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The program’s seeds were planted in 2007 when one of the labs in Mehta’s Sensor and Controller System Integration class involved creating a telemedicine system using commercial-off-the-shelf devices. Based on the lab, a student team developed a proof-of-concept for a mobile-to-mobile communication system for disaster relief. Mehta and student Aaron Fleishman combined this lab experience with research and experience working in and understanding health problems in East Africa to conceptualize Mashavu.
“We were trying to figure out how to use the system in a disaster,” Mehta says. “We were working on that with the Chinese, but it didn’t go anywhere, so we decided to modify the system to help Kenya with medical needs.”
On this summer’s trip to Kenya in May and June, he was accompanied by 33 Penn State students, two doctors, a nurse, an IT person, and two people filming a documentary. “We also had someone from Johnson & Johnson for a week. We’re trying to get them involved in redesigning and manufacturing devices.”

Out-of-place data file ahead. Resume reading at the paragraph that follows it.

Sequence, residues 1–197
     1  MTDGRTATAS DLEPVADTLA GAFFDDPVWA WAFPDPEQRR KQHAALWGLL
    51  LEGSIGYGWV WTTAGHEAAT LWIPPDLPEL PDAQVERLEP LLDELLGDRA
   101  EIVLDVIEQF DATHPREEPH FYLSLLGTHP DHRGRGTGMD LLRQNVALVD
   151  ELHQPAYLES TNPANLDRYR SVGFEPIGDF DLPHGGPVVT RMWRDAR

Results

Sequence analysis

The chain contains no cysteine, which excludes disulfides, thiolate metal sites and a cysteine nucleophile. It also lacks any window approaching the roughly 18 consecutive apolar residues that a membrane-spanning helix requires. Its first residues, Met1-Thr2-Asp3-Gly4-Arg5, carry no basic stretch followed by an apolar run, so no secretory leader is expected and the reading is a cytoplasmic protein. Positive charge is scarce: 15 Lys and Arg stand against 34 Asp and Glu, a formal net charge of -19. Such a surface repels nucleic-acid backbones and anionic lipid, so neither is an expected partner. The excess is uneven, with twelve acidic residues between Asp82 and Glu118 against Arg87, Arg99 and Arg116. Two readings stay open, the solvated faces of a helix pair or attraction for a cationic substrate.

The Mashavu team has a number of partners in East Africa. They include the Children and Youth Empowerment Center (CYEC) in Nyeri, Kenya; The United Nations Industrial Development Office (UNIDO) mission in Kenya; the United African Alliance Community Center (UAACC) in Imbaseni, Tanzania, and the National Institute of Medical Research (NIMR) at the University of Arusha in Arusha, Tanzania.
The Kenyan government also is very interested, Mehta says. “We had a request to see if we can put Mashavu in a backpack so community health workers can use it when they go on rounds from house to house. The African Medical Research Foundation also is trying to implement Mashavu.”